What if confronting the climate crisis is the best chance we’ll ever get to build a better world? Directed by Avi Lewis, and inspired by Naomi Klein’s international non-fiction bestseller, THIS CHANGES EVERYTHING presents seven powerful portraits of communities on the front lines, from Montana’s Powder River Basin to the Alberta Tar Sands, from the coast of South India to Beijing and beyond.

March 22, 7 pm, Memorial Library 2nd Floor

A Farm Girl - Billie: The Gillette Murder Case 110 Years After

Joseph Brownell

Joseph Brownell is a local author of Adirondack Tragedy: The Gillette Murder Case of 1906 and Cortland to the Adirondacks: A Fateful Journey in 1906. He will discuss the history of one of the most famous crimes in New York’s history; the murder of Cortland’s Grace Brown by Chester Gillette at Big Moose Lake. Made famous by a media frenzy fueled by the sensational newspaper reporting of 1906, this "crime of the century" seeped into the American culture. The story of Chester and Grace was the inspiration for Theodore Dreiser’s novel An American Tragedy and the Hollywood movie A Place in the Sun. Brownell is a geographer, retired from SUNY Cortland.

March 24, 7pm, Jacobus Lounge

The Local Opt-Out Movement: Parents’ Responses to Standardized

Testing Requirements

Moderated by Anne Burns Thomas

This panel will feature several local parents who are active in the movement to take control of the testing requirements for students, by “opting out” of standardized tests put in place by New York state.  Parents from Cortland, Ithaca and Dryden will describe their motivation for refusing to allow the school to administer the tests to their children and the ways that this local activism has spread beyond an individual decision.  Following presentations by each of the parents, there will be time for questions and discussion.

March 29, 7 pm, Sperry Room 106

Our Town: Cortland Then & Now

A Multi-Media Presentation

Is the small town imagined by Thornton Wilder a past reality or a persistent fiction? Are there traces of Grovers Corners in the Cortland of a hundred years ago? Does any sense of that small town mythos remain in the 21st century, with a largely vacant Main St. and the looming vision of new Cortlanville highways and big box stores?

April 7, 7 pm, Jacobus Lounge

What Porter Ranch Can Teach Us About Seneca Lake

Joe Heath and Colleen Kattau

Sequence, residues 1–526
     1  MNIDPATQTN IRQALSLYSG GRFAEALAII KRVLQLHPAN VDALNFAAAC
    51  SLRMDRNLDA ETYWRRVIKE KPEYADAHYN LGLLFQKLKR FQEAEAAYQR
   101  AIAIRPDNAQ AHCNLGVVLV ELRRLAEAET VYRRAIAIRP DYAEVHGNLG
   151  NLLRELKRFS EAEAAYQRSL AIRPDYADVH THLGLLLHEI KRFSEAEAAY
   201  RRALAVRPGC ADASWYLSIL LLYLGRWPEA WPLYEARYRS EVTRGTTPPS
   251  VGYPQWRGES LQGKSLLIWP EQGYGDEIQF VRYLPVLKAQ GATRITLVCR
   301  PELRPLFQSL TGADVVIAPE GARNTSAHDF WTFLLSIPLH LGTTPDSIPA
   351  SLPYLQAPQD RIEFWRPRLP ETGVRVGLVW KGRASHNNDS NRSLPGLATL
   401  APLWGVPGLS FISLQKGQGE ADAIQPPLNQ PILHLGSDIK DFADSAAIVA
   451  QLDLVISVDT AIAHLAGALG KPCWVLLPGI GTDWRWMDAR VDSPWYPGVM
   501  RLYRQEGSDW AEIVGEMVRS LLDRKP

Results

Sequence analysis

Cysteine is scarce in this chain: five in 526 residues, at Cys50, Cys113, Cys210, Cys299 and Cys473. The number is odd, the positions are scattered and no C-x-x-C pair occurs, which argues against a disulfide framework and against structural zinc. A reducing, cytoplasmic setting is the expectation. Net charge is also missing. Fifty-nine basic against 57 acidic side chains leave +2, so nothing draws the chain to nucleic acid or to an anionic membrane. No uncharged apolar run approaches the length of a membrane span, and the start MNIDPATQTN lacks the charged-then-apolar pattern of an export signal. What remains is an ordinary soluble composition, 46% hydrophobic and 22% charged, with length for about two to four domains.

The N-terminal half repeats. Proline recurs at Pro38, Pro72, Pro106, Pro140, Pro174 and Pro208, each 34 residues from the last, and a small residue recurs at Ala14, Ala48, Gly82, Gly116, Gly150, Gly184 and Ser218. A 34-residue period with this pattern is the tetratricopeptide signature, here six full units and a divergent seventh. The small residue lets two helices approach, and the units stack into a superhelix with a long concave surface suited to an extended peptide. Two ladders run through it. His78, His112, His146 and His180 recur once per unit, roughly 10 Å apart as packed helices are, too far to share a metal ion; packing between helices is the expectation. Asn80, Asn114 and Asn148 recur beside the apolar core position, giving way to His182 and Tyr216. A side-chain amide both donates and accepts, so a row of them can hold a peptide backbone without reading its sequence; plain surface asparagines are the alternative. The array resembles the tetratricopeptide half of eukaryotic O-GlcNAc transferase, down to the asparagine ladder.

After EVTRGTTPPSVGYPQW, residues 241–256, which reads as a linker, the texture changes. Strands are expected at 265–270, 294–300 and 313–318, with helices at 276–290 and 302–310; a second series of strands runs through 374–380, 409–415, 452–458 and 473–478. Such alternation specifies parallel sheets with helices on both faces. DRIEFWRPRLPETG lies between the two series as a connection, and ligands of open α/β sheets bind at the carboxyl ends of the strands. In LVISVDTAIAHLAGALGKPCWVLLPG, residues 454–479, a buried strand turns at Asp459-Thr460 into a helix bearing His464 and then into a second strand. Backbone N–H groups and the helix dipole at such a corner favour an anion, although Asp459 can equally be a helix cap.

With a talk by Joe Heath and music from Colleen Kattau, this event will focus attention on the local politics of fracking and the fight against natural gas storage under Seneca Lake.

April 11, 4:30 pm, Sperry 104

Planning Communities as if People Eat

Samina Raja, University of Buffalo

Dr. Samina Raja will introduce her research program, which focuses on understanding the role of planning and policy in building sustainable food systems and healthy communities. She is the Principal Investigator of the Food Systems Planning and Healthy Communities Lab (the “Food Lab”) where much of her research unfolds with the engagement and collaboration of an outstanding research team. In partnership with collaborators nationwide, Dr. Raja is currently directing Growing Food Connections, a comprehensive five-year initiative funded by the National Institute of Food and Agriculture to build capacity of local governments to strengthen food systems.  

April 18, 4:30 - 6:30 pm, Jacobus Lounge

Through My Eyes, Café Night

Students from H. W. Smith Elementary School

Smith School Talk         Smith School Talk audience

For this event, students and families of recent immigrants will tell their stories in a variety of formats. Email Brian Barrett for more information.

April 25, 4:30 pm, Sperry 104

I Learn America

Film Screening

n ”I Learn America,” five resilient immigrant teenagers come together over a year at the International High School at Lafayette and struggle to learn their new land.

The International High School is a New York City public school dedicated to serving newly arrived immigrant teenagers, with more than 300 students speaking two-dozen languages from 50 countries. The students strive to master English, adapt to families they haven’t seen in years, confront the universal trials of adolescence, and search for a future they can claim as their own.

Through these five vibrant young people, their stories and struggles, and their willingness to open their lives and share them with us, we “learn America.”

April 26, 7 pm. Jacobus Lounge

Welcoming the Stranger

Dylan Fresco

"Welcoming The Stranger" is a 30 minute solo performance weaving together true stories of refugees, family, and faith.  It was Commissioned by Rimon: The Minnesota Jewish Arts Council, and has been performed for theaters, youth groups, colleges, religious organizations, and employees of a mental health center.

It’s been described as “teaching cultural competency in three dimensions”. In it, Dylan shares stories of changes in identity, language, and food through the prism of immigration and acculturation in America. He makes links between his own family’s past experience of diaspora with stories of people he’s gotten to know in the Twin Cities who have arrived as refugees in the last decade.